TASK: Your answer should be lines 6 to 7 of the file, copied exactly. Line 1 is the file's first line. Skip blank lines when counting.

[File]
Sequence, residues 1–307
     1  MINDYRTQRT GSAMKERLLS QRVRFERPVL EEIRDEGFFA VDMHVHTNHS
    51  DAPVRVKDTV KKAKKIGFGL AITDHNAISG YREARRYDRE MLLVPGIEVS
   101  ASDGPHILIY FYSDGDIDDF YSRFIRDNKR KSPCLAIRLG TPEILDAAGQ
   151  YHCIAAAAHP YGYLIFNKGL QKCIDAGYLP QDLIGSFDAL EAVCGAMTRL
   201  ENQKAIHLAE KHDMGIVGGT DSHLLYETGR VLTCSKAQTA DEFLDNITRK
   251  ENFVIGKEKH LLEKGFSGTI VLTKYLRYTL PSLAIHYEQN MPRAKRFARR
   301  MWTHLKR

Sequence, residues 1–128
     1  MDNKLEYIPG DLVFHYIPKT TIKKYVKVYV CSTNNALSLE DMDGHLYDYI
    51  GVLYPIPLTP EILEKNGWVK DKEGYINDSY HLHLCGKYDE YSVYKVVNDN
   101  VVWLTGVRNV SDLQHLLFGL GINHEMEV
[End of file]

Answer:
   201  ENQKAIHLAE KHDMGIVGGT DSHLLYETGR VLTCSKAQTA DEFLDNITRK
   251  ENFVIGKEKH LLEKGFSGTI VLTKYLRYTL PSLAIHYEQN MPRAKRFARR